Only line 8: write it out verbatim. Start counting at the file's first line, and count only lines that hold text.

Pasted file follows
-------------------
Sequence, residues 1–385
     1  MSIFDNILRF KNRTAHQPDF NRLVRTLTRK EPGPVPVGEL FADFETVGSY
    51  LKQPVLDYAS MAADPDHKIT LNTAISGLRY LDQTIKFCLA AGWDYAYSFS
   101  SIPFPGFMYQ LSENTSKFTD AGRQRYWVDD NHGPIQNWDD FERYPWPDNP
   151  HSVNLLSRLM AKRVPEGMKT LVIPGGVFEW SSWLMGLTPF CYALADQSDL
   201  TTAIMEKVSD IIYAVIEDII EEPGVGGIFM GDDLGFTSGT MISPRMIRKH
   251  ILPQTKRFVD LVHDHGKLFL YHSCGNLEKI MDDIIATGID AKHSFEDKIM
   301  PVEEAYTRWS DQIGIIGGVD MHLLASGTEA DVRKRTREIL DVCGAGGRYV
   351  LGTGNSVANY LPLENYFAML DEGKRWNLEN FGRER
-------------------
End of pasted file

   301  PVEEAYTRWS DQIGIIGGVD MHLLASGTEA DVRKRTREIL DVCGAGGRYV